TGA rejects proposal for OTC sales of budesonide/formoterol inhalers


By Michael Woodhead

8 Feb 2021

The TGA has knocked back an application to allow OTC sales of combination  budesonide/formoterol inhalers for as-needed reliever therapy in people with mild asthma.

In rejecting the application for pharmacy sales, the TGA acknowledged there was evidence that a combination of long-acting beta-agonist (LABA) with inhaled corticosteroid (ICS) was potentially safer for as-needed use in asthma than current sales of a short-acting beta agonist (SABA) alone.

However it said it relied on submissions from professional groups such as the National Asthma Council which said it was still too early to allow unsupervised access to ICS/LABA inhalers without medical supervision.

The TGA noted that there was potential benefit from providing easier access to low dose ICS/LABA inhalers to people with asthma, which was a treatment option adopted in the Australian Asthma Handbook  in September 2020

As-needed low dose budesonide/formoterol has been shown to reduce the risk of severe exacerbations by about two-thirds compared with SABA-only treatment and is non-inferior to daily low dose ICS for severe exacerbations.

However, the TGA’s Advisory Committee on Medicines Scheduling considered that downscheduling the combination inhalers to OTC status would create a risk of inappropriate use for conditions outside of asthma. The committee was also not confident in the ability of pharmacists to provide adequate management of asthma and its symptoms, including monitoring and follow up.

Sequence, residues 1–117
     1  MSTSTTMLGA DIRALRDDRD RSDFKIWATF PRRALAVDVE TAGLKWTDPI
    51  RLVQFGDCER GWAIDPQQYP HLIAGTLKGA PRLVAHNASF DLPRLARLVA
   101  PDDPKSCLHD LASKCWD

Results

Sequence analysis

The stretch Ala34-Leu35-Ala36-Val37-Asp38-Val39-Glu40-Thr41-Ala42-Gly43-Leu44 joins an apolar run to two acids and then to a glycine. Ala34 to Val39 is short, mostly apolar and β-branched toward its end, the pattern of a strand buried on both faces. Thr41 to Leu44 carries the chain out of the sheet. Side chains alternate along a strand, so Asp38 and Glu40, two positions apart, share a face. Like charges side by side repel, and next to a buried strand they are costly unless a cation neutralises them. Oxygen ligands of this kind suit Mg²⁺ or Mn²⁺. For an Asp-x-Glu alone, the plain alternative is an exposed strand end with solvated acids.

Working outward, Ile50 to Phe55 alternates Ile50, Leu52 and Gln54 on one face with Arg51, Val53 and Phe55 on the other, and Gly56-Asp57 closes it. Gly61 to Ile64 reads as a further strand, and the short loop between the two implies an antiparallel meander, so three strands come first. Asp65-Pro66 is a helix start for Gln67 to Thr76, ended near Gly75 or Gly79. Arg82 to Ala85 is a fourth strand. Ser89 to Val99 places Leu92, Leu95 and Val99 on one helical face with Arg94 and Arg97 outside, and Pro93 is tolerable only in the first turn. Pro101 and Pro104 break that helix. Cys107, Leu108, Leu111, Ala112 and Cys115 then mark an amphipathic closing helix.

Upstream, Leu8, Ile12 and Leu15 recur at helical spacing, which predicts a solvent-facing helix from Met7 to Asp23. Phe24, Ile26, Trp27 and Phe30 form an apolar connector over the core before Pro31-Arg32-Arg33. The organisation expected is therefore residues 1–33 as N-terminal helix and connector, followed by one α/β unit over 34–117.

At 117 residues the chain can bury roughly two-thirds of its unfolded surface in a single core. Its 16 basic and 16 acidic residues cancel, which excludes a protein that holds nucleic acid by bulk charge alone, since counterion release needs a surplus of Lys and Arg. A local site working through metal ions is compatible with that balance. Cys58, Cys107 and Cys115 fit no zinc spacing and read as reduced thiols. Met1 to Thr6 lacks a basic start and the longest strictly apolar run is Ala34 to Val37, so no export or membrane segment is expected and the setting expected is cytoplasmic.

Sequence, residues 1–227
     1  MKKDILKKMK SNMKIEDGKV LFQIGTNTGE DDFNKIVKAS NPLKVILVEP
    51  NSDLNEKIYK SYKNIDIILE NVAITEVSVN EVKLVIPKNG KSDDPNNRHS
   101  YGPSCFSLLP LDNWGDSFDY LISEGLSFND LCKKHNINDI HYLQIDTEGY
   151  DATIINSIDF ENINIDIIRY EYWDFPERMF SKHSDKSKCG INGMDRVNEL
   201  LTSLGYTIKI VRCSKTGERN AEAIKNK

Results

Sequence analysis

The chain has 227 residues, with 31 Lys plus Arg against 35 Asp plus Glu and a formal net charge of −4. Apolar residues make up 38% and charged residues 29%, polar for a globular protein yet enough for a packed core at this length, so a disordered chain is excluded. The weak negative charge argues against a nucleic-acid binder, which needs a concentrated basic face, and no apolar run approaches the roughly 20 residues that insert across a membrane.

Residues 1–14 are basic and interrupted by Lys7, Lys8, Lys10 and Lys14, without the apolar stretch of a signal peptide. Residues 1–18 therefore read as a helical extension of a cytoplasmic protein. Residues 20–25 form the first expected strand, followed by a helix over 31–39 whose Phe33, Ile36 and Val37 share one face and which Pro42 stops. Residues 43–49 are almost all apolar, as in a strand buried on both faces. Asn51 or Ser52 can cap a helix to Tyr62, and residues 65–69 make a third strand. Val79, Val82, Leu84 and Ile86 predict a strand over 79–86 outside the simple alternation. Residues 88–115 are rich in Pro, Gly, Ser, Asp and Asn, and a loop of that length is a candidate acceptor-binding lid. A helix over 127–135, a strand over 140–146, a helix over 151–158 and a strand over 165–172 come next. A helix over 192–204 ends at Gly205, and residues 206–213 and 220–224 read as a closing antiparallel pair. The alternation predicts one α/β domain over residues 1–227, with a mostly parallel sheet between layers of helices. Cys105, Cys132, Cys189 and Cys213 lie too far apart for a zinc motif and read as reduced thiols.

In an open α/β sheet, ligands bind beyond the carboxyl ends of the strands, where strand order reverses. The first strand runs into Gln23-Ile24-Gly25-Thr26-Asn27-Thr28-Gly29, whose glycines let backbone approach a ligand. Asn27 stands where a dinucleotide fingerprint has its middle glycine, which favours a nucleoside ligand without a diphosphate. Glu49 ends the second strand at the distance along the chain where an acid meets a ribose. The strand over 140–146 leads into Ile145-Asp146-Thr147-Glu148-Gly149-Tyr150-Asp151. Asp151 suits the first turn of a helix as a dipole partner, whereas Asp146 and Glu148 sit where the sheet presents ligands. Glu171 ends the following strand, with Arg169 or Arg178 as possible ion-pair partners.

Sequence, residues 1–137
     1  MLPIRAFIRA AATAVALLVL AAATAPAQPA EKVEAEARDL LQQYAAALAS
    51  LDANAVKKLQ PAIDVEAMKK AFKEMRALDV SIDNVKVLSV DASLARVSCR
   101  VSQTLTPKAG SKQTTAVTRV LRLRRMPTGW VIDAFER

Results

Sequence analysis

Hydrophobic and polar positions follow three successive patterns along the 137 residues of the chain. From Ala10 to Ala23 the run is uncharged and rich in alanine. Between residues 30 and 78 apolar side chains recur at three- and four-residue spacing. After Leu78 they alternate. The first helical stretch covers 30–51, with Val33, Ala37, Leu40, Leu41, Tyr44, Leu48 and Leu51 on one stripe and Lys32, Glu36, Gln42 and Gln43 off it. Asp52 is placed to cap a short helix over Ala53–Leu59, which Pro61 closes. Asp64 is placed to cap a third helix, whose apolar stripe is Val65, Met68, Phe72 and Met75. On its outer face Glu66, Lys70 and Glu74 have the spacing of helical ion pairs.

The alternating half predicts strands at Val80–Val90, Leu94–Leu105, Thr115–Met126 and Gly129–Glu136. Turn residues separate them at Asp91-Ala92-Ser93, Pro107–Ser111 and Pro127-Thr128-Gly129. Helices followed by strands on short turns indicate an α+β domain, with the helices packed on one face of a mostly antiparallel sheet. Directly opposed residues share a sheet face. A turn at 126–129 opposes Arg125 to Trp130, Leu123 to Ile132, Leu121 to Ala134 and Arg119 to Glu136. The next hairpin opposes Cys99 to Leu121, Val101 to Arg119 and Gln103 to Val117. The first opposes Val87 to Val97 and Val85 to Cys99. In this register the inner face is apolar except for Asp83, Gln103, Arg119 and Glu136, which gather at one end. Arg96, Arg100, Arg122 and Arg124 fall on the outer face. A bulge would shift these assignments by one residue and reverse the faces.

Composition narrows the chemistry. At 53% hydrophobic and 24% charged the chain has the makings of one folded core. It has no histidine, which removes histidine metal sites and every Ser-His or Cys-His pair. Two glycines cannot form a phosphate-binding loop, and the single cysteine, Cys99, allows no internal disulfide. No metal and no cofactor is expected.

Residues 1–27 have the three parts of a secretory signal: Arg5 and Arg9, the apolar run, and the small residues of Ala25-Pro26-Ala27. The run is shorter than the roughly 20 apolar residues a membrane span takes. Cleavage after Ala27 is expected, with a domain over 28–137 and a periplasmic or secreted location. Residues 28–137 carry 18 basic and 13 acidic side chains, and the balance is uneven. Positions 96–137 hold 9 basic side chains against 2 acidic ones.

The National Asthma Council and Asthma Australia opposed the re-scheduling, saying it was too early to allow unsupervised use of the new treatment option. They said there were many unanswered questions and critical issues around the sales of as-needed ICS-LABA combination inhalers as relievers, such as how to ensure that people with more severe forms of asthma would not buy and use them unsupervised in place of their regular prescription.

“Given we aim to manage asthma as a chronic condition, then it’s unlikely that efforts to remove people from appropriate chronic disease management will be successful,” said the Asthma Australia submission.

“The risk of entrenched counterproductive and unsafe health care access, the potential for regressive behaviours and choices and its potentially disastrous implementation among adolescents are irreconcilable for Asthma Australia under current circumstances.

“Add to these risks logistic and practical concerns raised by consumers around cost, education and support around device use and product expiry and we believe there are too many unanswered questions and unresolved issues for safe and effective implementation at this stage.”

The National Asthma Council submission went further and warned that OTC scheduling would perpetuate the problems created by unsupervised sales of salbutamol inhalers, which allowed asthma patients to obtain treatment without an accurate diagnosis and ongoing medical review from a medical practitioner, and potentially over-rely on SABA in their asthma management.

It said a better solution would be to up-schedule SABA inhalers and require more formal pharmacist oversight in the provision of the medications.

In an interim decision, the ACMS ruled that the current scheduling of budesonide and formoterol under Schedule 4 was appropriate.

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